Marco Napoli, who passed away on November 6, began his early professional career as a New York-based correspondent for several international news organizations, including the Italian Il Progresso News, back in the 1960s, long before he was Regional Director, IPS North America.
As part of his beat, he had to cover some of the shenanigans of reputed Mafia families in New York, relying largely on anonymous sources in New York City Police Department’s (NYPD) Organized Crime Control Bureau.Marco once recounted one of his more memorable experiences interviewing a legendary Mafia boss in the backseat of a black limousine in New York’s famed Central Park.
Fearful of any possible attacks on the head honcho, who was apparently on a hit list, Marco was uneasily looking over his shoulder as he continued with his interview. Sensing Marco’s nervousness, the Mafia boss looked at him, tapped at the car window with his clenched fist, and told Marco: “Don’t worry, it’s bullet proof.”And so began some of Marco’s adventurous days reporting from the asphalt jungle—a crime-infested 1960s New York City where a bank robber could get mugged fleeing to his get-a-way car.
At IPS, Marco led a more restrained life as an administrator and financial controller— graduating from shoe-leather reporting to shoe-leather fund-raising, as he pounded the sidewalks of the UN neighborhood, personally following up on project proposals as he shuttled from one UN agency to another – UNICEF, UNFPA, UNDP, all in the shadow of the UN secretariat where he had a third floor office.
As a longtime Regional Director, Marco was very protective of IPS staffers. When the head of UN media accreditation complained that he does not see any IPS reporters at the daily UN news briefings to justify press credentials, Marco angrily shot back: “Are you now spying on my staff”?
When I first walked into the IPS office in the late 1970s, IPS had a full complement of four staffers—all women, two Americans, one Indian and one French Moroccan. Talk of gender parity at the UN? I found myself a minority of one.
We all worked under the leadership of Marco who not only believed in perseverance and hard work but also punctuality. While Marco’s primary task was the economic survival of IPS, he scrupulously kept away from editorial assignments which were coordinated by an editor-in-chief, first in Rome, later in Amsterdam.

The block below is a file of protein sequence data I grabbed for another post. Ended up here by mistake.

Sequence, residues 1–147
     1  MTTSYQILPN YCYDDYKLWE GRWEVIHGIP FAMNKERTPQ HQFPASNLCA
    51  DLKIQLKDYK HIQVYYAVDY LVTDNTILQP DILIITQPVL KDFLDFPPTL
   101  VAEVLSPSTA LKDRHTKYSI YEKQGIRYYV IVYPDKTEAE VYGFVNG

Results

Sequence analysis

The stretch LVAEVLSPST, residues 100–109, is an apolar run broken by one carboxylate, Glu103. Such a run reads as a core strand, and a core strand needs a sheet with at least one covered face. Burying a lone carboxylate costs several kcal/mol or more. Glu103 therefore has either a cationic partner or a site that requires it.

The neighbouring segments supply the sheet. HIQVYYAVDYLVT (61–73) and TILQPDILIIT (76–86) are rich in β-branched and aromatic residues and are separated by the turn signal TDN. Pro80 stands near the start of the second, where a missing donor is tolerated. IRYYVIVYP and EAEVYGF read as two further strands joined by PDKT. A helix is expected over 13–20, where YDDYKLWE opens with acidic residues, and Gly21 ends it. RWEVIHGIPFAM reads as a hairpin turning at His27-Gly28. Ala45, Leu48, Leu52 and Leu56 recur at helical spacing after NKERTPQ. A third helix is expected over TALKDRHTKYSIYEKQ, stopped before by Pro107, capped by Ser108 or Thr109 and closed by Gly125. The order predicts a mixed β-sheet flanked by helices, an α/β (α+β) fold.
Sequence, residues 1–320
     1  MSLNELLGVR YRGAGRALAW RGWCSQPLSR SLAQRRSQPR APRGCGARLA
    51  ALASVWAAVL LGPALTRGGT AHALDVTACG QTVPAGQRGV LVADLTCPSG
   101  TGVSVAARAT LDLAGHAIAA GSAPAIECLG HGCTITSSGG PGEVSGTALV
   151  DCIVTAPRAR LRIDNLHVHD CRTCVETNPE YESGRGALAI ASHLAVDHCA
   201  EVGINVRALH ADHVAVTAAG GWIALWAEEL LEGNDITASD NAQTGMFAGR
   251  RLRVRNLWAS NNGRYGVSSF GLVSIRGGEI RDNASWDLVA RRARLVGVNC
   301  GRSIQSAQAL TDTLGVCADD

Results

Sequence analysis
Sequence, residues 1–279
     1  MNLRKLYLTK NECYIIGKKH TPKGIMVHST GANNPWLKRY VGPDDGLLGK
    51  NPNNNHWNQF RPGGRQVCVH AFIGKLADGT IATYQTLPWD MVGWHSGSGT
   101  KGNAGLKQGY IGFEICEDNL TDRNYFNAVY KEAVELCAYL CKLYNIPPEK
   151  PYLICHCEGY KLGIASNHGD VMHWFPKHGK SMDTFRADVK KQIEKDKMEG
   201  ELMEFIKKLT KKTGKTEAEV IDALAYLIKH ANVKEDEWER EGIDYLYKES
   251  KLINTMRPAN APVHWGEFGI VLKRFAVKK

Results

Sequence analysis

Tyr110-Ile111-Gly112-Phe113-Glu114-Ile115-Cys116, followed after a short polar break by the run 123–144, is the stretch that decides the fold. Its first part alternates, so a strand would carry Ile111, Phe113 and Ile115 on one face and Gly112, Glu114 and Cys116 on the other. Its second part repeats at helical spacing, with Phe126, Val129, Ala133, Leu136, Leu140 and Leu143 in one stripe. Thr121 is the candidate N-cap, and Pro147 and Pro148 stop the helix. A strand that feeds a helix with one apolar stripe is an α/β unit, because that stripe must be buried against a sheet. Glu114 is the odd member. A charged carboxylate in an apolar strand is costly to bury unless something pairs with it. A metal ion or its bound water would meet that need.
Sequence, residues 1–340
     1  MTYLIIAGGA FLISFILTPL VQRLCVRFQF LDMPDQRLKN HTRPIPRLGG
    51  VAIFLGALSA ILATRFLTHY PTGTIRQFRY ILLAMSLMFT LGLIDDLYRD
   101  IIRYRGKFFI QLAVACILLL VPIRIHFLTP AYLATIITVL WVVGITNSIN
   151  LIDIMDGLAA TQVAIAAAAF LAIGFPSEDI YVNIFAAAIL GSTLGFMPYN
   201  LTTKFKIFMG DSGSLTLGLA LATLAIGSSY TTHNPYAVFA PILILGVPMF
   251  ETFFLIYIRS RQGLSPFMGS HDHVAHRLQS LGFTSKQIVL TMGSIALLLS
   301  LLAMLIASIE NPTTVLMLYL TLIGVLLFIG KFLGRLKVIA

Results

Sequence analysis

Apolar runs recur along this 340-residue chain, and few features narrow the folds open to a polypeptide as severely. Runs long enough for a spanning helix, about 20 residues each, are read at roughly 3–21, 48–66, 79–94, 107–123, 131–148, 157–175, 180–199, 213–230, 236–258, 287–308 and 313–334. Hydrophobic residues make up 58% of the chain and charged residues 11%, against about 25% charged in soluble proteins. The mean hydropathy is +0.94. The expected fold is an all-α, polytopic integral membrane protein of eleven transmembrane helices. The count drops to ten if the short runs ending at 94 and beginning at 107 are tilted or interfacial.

Over the years, Marco successfully extended the IPS empire, to include Canada and the Caribbean. With strong support from Director-General Roberto Savio, Marco was an aggressive fund raiser in the UN system, and sustained strong personal links to all of the UN agencies based in New York.
Marco’s crowning glory was the annual IPS International Achievement Award ceremony held at the UN delegate’s dining room– a high profile event attended by ambassadors, senior UN officials, representatives of civil society and the press corps.
The recipients of the awards, who added a tinge of political glamour, included two UN secretaries-general — Boutros Boutros-Ghali and Kofi Annan and three heads of state: Jean-Bertrand Aristide of Haiti, Martti Ahtisaari of Finland (also a Nobel laureate in 2000) and President Luiz Inacio Lula da Silva of Brazil.
Marco, almost singlehandedly, organized and coordinated the annual events, which in the hands of a novice, would have been a logistical nightmare.As Marco would recollect, there was only one IPS correspondent, Deodoro Roca, when he joined the UN Bureau in January 1979.
And then began a wave of correspondents and stringers, including Jim Lobe, Mario Dujisin, Joan Draper, Karl Meier, Madeleine Eisner, Asma bin Hamida, Maria Blaque-Belair, Shalini Dewan, Farhan Haque, Jaya Dayal, Alejandro Kirk and Yvette Collymore.“We shared the office with Japan’s Kyodo news agency and the New York Times (which used part of our office as its archives),” said Marco, who was the political live wire of the Bureau.
Marco, who retired on 31 December 1999, said the UN Bureau had very strong working relationships with successive Secretaries-General, including Kurt Waldheim (Austria), Javier Perez de Cuellar (Peru), Boutros Boutros-Ghali (Egypt) and Kofi Annan (Ghana).
Under Marco, IPS had one of the most spacious press offices on the third floor of the Secretariat building, which he jealously safeguarded as he presided over several successive IPS UN, Bureau Chiefs, including Claude Robinson (Jamaica), Appan Menon (India) and Rajiv Tiwari (India).
The only drawback was that it was a windowless office– perhaps one of the few such offices among the UN press corps on the third floor. But as one wisecracking IPS Bureau Chief remarked: “We never had a room with a view– but all our new computers had windows.”